On December 3, 1775, the Grand Union Flag, comprising the Union Jack with thirteen red-and-white stripes was raised for the first time by Lieutenant John Paul Jones over the USS Alfred, a colonial warship. The flag would be used by Continental forces thorugh 1776 and early 1777.
On December 3, 1864, Union forces under the command of Gen. William T. Sherman skirmished against Wheeler’s Confederate cavalry at Thomas’ Station in Burke County, Georgia.
Georgia Politics, Campaigns, and Elections
Here’s a political challenge I can get behind: Georgia State Senator P.K. Martin challenged Senator John Albers to collect non-perishable food items for local food pantries. Whoever collects the most before the big semifinals playoff game between Grayson High School and Roswell High School wins! To add a little excitement, the state senator whose high school team loses will have to deliver all of the canned goods and give a $250 donation to a local food pantry wearing the rival’s jersey.
Governor Nathan Deal has indicated his opposition to the idea of growing and processing medical marijuana in Georgia, according to the Macon Telegraph.
“I still don’t think we have sufficient information or ability to control something of that nature if we start production and processing here in our state,” Deal said Wednesday morning.
That puts a roadblock in front of a plan by state Rep. Allen Peake, R-Macon, to try and legalize in-state growing as early as next year of specially-bred cannabis used to make medicine.
Georgians who have certain severe illnesses and who have a doctor’s recommendation can possess a liquid cannabis medicine under a state law that Peake pushed through the Legislature earlier this year.
But Peake says Georgia’s medical cannabis patients need marijuana grown in the state so they can get their medicine easily. Right now, they have to risk federal drug-smuggling laws if they bring in cannabis from states where it is legal.
Without Deal’s support, any in-state grow proposal would need a veto-proof super-majority vote in the state Legislature to become law.
Congratulations and condolences to Nick Millwood, who won the runoff election for Mayor of Ringgold.
Rome, Georgia is considering tweaking the residency requirement to run for City Commission.
Currently, the charter states that a candidate must live inside the ward by the time of the election, not qualification, according to City Clerk Joe Smith.
Sundai Stevenson, the top vote-getter in the Ward 1 race, wasn’t living in the ward prior to qualifying, although she moved into it before the Nov. 3 election.
The top three vote-getters from the Ward 1 race take office in January. Stevenson finished with 1,653 votes, followed by incumbents Milton Slack with 1,360 votes and Bill Irmscher with 1,146 votes.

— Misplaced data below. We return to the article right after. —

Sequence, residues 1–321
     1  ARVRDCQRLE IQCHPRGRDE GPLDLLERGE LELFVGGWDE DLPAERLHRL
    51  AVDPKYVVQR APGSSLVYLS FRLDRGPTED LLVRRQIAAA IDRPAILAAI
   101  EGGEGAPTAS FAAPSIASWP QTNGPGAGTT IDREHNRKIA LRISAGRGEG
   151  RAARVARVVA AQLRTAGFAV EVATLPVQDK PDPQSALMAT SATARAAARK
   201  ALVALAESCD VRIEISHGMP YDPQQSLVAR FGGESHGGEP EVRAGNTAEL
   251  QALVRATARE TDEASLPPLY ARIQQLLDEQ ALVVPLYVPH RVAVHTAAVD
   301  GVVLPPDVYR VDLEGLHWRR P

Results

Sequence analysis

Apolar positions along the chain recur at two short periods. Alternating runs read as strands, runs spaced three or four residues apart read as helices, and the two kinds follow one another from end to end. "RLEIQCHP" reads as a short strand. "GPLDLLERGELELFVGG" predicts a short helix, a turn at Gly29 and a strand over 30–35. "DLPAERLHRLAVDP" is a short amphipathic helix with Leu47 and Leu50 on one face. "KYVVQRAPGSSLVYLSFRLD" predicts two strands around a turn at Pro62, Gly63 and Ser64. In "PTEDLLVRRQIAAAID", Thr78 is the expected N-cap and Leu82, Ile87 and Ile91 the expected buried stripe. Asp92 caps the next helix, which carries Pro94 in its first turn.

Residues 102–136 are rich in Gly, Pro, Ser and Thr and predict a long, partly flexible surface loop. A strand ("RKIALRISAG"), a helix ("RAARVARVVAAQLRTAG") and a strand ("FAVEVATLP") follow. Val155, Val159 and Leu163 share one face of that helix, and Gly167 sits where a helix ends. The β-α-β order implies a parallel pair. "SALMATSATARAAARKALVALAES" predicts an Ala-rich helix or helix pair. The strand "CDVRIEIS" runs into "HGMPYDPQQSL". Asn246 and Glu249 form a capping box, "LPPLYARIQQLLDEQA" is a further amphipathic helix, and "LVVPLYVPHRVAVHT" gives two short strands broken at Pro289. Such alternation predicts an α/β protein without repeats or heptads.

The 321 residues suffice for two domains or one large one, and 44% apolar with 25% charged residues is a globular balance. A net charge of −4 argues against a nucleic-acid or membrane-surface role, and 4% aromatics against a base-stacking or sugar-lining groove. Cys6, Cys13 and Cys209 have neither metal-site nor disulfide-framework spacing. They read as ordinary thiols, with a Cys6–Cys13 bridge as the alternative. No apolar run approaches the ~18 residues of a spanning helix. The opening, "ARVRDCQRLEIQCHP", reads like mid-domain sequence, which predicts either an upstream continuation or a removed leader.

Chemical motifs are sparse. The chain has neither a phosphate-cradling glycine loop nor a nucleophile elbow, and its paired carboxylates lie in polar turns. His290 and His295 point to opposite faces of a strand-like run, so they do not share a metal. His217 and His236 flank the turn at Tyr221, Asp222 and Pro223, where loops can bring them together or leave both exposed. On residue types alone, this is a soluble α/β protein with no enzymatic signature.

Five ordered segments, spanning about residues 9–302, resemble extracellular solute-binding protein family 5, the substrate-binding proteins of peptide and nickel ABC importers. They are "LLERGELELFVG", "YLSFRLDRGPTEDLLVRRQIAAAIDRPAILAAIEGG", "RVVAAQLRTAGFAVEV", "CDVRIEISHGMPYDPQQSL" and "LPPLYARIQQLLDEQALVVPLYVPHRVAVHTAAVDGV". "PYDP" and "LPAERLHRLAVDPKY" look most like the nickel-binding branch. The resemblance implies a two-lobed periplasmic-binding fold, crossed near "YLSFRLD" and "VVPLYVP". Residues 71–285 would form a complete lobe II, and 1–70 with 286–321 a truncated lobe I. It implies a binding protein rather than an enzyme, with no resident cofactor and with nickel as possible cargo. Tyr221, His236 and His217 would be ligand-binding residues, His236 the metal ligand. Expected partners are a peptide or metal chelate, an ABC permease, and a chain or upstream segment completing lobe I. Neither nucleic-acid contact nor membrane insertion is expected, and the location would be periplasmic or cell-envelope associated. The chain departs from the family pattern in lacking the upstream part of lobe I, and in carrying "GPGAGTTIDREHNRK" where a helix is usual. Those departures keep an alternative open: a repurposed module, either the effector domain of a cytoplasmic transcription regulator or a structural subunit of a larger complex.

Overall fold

“There is a consensus with the City Commission that candidates should reside in their wards at qualification,” Mayor Jamie Doss said.
Stevenson said she moved to North Rome’s Atteiram Heights in the first week of October, a week before early voting began Oct. 12.
Some of the incumbents are unhappy about the current residency requirements, because someone could just move into a ward after qualification and run for election, Doss said.
Smith said a candidate has to qualify with the city clerk’s office approximately 70 days before the election.
WJCL took a closer look at election returns in Savannah and found that Eddie DeLoach built a substantial lead in two precincts that helped him carry the election against incumbent Edna Jackson.
Precinct 1-1 is the First Presbyterian Church on Washington Avenue right by Savannah Arts Academy, and a few blocks from Daffin Park. There, Eddie DeLoach had his biggest win of the night. He gained 1,206 more votes there than Mayor Edna Jackson.It was a similar story at Precinct 1-6, the Central Church of Christ on Stephenson Avenue near Waters Avenue, just west of Bacon Park Golf Course.There, DeLoach outpaced Jackson by 729 votes.Within just two polling places, DeLoach built a lead of more than 1,900 votes, something Mayor Jackson just could not overcome.
Georgia is the only state that allows officers facing possible indictment to sit in on the entire grand jury process, hear all the witnesses and evidence against them, and then make a closing statement that cannot be questioned or challenged by prosecutors or grand jurors.”Certainly that environment creates the ability to make statements that you know you don’t have to answer for,” said [Prosecuting Attorney's Council Executive Director Chuck] Spahos.
Several prosecutors and the Georgia Bureau of Investigation director said overwhelmingly, most officer shootings are justified, but in the small percentage of questionable cases, Georgia’s unique grand jury law could be impeding justice.”The process itself inside that room has got to be above question,” said Rep. Rich Golick, R-Smyrna.
Golick chairs the House Judiciary Committee that would change the law and now plans to champion that effort.
“This is the first time that I’ve sensed a push coming and then when you combine that with real-world examples of how the process has been undermined, that’s a situation that demands us to take a hard look at it,” said Golick.
Under the new proposal, officers would be treated like any other grand jury witness.